The recent economic news has been unsettling at best, and Jefferson County isn’t immune.
The stock market has charged up and down in wild swings, and mammoth financial institutions like Lehman Brothers and Bear Stearns have crumbled in their stockholders’ hands. Other institutions have been bailed out by taxpayers, as in the case of insurance giant AIG, which received $85 billion Sept. 16 to stay afloat. Meanwhile, Congress passed the bailout authorizing the government to pump up to $700 billion into financial markets. And the three major automakers were quietly handed $25 billion in taxpayer money the last week of September.
The instability and uneasiness have traversed the globe, but have they trickled down to South Jeffco?
"I think the economy is very bad," said a woman at Southwest Plaza Mall the morning of Oct. 6. "I think we're in trouble."
The woman, who declined to give her name, said Congress can't be trusted in this situation, and she's not sure the public is getting complete information about the economic crisis and the steps being taken to address it. "They're going about it the wrong way," she said.
A man walking the mall with her, who also declined to share his name, said: "The bailout is a mistake. Why should the taxpayers pick up all the slack? I wasn't in favor of it. Why should we pick up the tab on all these things?"
Still, the man offered some optimism. "I think we can get out of this, but it's going to take time. It's going to take a while to get out of the hole."
A woman working at a shoe kiosk said the economy has been "terrible."
"I usually get my bonus, but I'm barely making it," she said. She can sell $1,000 worth of shoes on a typical weekend day, she said, but over the last few months her sales dropped more than 60 percent.
"We're struggling," she said. "Since the economy has been an issue, I think people are trying to hang on to their money."
But a man who sells the same shoes from a kiosk at Park Meadows Mall disagreed.
"People are still buying," said the man. "The restaurants are still packed. When I go out to eat, I still have to wait. When I travel, the airports are still packed. I think it's just the media."
Preston Gibson, president of the Jefferson Economic Council, said recent Wall Street issues have indeed trickled down to Jeffco's main street.
"Credit has tightened; it's been more difficult for small businesses to get loans, to buy inventory, pay payroll, all of the needs they have for cash," Gibson said.
Gibson said Jefferson County's diversified business community has helped hedge against the downturn seen in other parts of the state and the country. He said the recent bailout was a good thing and should help loosen credit for small businesses.
David Brewick, president of Evergreen National Bank, said Jefferson County will feel some effects but won't be hit as hard as other areas of the country.
"We're seeing the beginnings of problems in our own state and area," Brewick said, "as people are not buying cars or homes, and there's not a great deal of credit availability."
He said that the current economic situation will require a solution that involves shoring up home values.
"The base problem that this (bailout) doesn't seem to get to is that we have to try and establish some floor under the housing market," Brewick said. "We have to address the foreclosure issue and have to put confidence in that market." Brewick isn't sure how that will be accomplished.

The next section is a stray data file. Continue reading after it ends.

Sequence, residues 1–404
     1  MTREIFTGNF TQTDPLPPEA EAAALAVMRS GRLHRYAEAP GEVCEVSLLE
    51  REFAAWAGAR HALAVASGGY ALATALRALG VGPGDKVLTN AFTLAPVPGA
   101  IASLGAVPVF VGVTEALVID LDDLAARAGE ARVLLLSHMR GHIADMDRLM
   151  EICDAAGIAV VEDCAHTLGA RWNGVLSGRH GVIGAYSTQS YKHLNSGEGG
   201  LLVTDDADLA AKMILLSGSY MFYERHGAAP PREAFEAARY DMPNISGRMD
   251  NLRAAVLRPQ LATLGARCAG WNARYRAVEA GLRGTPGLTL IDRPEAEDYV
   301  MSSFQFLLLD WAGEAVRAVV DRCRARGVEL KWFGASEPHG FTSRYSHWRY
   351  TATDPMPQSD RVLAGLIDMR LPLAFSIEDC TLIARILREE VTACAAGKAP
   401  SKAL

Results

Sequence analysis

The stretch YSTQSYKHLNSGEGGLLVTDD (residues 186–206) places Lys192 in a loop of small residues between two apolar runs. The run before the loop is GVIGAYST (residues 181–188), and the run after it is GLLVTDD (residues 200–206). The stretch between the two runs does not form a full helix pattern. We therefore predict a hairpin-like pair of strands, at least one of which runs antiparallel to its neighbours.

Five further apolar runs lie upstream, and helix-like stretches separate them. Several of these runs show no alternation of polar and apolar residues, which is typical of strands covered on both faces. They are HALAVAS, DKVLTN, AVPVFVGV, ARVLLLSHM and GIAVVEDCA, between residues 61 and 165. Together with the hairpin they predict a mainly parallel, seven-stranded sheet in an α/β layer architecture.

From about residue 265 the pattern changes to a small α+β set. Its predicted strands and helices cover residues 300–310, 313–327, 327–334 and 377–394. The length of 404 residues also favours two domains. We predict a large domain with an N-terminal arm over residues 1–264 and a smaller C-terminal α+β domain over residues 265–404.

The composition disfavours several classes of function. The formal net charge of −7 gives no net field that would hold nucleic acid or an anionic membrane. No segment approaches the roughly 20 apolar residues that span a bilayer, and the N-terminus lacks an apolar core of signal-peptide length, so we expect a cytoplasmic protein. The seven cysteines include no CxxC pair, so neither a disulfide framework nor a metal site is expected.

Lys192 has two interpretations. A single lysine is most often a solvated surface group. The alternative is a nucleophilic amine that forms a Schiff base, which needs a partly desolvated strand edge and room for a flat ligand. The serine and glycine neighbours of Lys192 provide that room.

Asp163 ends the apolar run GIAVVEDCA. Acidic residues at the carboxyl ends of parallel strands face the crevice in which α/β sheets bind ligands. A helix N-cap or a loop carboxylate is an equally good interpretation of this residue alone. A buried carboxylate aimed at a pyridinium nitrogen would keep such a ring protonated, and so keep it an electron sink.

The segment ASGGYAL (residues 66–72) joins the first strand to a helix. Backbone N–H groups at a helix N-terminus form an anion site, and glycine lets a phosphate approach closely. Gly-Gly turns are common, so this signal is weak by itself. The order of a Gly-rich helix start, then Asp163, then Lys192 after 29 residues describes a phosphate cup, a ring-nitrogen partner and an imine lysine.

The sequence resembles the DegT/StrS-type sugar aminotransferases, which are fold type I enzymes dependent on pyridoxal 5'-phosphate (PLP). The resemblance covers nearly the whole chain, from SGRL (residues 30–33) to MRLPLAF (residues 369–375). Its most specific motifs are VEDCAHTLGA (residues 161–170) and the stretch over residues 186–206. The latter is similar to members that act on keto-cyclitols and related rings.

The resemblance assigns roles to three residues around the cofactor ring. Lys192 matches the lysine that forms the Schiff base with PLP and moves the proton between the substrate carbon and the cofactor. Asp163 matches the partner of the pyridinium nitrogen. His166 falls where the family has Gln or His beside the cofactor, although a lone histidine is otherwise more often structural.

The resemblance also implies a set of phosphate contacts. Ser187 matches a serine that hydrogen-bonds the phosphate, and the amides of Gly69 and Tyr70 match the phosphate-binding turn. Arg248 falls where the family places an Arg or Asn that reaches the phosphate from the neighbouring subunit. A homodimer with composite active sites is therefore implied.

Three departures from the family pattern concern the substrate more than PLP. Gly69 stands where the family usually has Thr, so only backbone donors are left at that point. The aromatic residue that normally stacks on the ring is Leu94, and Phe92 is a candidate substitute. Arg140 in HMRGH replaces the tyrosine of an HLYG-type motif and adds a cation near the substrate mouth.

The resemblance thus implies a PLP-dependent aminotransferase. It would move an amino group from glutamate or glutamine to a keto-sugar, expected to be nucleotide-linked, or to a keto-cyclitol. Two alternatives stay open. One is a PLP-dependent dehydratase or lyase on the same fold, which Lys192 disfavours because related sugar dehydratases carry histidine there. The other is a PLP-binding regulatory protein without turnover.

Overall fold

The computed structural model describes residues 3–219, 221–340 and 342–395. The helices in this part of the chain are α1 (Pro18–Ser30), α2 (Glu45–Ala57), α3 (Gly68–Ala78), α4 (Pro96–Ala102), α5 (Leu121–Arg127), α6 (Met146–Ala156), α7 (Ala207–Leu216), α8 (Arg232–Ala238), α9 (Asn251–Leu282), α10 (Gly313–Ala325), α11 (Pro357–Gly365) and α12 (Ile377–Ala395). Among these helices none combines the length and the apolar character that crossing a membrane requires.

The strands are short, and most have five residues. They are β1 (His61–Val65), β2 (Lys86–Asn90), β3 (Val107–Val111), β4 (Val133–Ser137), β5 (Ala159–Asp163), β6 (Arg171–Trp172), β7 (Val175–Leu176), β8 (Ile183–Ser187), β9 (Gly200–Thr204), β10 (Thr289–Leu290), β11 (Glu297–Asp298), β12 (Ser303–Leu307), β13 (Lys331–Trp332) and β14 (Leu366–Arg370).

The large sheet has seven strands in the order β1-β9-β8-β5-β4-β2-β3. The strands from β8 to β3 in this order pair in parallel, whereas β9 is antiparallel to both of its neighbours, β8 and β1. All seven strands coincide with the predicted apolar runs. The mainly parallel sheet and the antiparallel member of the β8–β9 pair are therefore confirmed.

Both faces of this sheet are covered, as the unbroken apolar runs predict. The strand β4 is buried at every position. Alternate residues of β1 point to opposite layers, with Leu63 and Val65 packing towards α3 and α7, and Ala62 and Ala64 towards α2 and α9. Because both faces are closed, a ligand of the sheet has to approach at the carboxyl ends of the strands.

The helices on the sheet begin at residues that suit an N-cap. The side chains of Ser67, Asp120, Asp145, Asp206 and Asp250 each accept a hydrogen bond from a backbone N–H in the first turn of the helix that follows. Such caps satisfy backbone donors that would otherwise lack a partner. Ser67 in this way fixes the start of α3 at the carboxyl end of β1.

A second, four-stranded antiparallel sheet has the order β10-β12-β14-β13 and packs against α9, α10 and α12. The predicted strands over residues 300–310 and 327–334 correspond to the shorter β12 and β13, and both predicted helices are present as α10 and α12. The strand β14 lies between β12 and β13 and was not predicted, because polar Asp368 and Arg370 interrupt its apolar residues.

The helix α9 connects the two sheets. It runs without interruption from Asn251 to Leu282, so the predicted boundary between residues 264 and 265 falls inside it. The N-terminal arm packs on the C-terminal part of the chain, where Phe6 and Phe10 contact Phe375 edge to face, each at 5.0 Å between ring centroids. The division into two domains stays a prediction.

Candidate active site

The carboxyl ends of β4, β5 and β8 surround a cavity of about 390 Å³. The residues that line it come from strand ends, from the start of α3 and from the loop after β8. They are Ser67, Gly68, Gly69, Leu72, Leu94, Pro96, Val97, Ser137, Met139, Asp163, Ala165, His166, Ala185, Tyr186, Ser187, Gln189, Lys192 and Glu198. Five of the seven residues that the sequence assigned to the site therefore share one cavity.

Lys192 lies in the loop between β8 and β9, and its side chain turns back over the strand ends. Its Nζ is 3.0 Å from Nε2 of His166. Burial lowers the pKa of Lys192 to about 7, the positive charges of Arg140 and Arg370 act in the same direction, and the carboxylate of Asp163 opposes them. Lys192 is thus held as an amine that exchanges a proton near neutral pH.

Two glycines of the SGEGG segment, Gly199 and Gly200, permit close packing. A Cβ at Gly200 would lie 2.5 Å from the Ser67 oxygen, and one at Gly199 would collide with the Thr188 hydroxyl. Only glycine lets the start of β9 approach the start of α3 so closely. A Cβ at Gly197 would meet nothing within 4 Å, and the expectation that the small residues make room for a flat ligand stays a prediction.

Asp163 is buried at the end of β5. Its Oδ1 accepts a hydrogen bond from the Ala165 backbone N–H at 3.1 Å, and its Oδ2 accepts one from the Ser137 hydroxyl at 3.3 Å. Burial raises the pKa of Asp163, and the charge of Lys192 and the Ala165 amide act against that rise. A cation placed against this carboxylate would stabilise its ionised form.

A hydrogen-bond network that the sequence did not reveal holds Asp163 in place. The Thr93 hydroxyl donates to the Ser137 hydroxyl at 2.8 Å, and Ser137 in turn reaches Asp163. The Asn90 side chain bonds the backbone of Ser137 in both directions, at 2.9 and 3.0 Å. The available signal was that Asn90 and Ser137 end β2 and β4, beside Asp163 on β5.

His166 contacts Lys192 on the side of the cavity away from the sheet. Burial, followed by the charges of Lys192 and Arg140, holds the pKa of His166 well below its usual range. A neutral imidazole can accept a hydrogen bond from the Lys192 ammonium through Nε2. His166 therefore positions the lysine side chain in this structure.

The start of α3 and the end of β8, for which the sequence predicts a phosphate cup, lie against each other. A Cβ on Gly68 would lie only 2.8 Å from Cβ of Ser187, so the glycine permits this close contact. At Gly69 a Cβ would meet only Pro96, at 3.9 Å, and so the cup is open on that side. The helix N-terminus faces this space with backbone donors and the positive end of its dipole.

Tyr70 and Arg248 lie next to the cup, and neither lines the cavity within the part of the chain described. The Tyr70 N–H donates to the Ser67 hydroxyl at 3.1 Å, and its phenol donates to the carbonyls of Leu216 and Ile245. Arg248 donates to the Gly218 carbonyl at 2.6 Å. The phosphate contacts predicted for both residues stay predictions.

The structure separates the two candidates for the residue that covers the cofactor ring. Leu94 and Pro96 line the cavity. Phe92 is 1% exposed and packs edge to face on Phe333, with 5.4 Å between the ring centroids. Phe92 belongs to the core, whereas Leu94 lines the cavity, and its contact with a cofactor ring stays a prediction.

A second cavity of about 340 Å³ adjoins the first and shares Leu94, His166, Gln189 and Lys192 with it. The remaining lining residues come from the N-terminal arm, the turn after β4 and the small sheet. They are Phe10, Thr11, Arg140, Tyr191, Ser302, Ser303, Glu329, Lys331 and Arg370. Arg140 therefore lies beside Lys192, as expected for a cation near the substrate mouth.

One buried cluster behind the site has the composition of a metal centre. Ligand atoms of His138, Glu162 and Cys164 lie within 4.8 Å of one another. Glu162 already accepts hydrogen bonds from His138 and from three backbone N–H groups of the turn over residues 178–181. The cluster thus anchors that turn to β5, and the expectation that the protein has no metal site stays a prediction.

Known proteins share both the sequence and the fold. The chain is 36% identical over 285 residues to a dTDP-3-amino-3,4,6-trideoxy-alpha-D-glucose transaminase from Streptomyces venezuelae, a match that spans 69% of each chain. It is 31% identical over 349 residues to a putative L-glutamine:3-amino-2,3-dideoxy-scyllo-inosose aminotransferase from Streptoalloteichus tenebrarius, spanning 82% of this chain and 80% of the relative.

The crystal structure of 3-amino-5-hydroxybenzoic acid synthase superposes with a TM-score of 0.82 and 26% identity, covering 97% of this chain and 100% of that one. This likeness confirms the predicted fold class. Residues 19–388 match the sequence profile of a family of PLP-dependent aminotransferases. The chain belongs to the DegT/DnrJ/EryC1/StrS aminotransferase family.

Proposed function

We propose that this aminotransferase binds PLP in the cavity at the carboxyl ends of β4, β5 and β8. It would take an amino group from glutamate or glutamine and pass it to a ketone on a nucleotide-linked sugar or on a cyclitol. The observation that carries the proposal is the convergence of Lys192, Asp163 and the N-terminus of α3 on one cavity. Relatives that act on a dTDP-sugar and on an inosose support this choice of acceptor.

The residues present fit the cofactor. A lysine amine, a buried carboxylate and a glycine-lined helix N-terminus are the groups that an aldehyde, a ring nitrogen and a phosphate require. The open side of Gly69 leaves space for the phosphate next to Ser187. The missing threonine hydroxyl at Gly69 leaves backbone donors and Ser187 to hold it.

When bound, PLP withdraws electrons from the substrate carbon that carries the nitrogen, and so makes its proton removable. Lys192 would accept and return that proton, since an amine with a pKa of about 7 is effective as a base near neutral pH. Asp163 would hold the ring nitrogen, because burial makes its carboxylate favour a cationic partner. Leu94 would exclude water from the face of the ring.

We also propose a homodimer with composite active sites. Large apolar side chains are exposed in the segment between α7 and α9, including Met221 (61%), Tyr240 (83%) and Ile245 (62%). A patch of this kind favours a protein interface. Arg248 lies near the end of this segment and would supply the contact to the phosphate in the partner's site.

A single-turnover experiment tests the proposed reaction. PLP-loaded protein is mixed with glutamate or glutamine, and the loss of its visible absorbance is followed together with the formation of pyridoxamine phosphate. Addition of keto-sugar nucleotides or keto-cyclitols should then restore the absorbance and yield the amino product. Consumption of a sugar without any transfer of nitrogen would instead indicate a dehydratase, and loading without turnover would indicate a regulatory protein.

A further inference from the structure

"I don't know that we've got a good handle on what can be reasonably done," he said. "I think everybody is kind of fumbling right now to try and come up with what the right plan should be."
Brewick added that if the government didn't step in when it did, "the depth of the recession could have been a steeper drop and a longer period of recovery."
Still, he was optimistic overall.
"In reality, the banking system is still very sound," Brewick said. "The banks that are being impacted by this just happen to be the behemoths out there. From our standpoint, we are seeing business as usual. We're still doing loans, deposits are normal, some people have asked about the (Federal Deposit Insurance Corp.), and we've seen some movement to keep deposits at the FDIC maximum levels."
The FDIC's ability to insure all bank deposits was raised to $250,000 from $100,000 as part of the bailout legislation.
Brewick said banks that invested in subprime mortgages did so at their own peril. He will keep his loan standards stringent and not make any risky moves.
Brewick tempered his optimism with an acknowledgment of the uncertainty going forward.
"I don't know there's anybody out there who fully understands the cause-and-effect relationship," Brewick said. "If you push here, you really don't know what's going to happen. That's kind of dangerous when you're experimenting with people's financial lives."
Brewick said he's seen similar situations during his 41 years in the banking industry. He talked about the inflationary problems of the late 1970s and early 1980s, but noted that "this is certainly one of the most serious economic problems that we've seen as a country and we've seen as a worldwide banking system, certainly in my banking career."
He cautioned the media and the public at large to keep the situation in the proper perspective.
"Of course we'll be able to pull out of this," Brewick said. "We continue to be the strongest and most vibrant economy in the world. We're stumbling along, but we'll find our way out of it."
He said to look at the situation as an opportunity.
"Painful lessons are never easy to accept, but they can be used to improve your life," Brewick said. "I think it's individuals who have over-leveraged themselves, corporations who have over-leveraged themselves and the government who has over-leveraged itself. We, along with the government, have the responsibility to be honest in our portrayal of what's happening, but not to create more hysteria."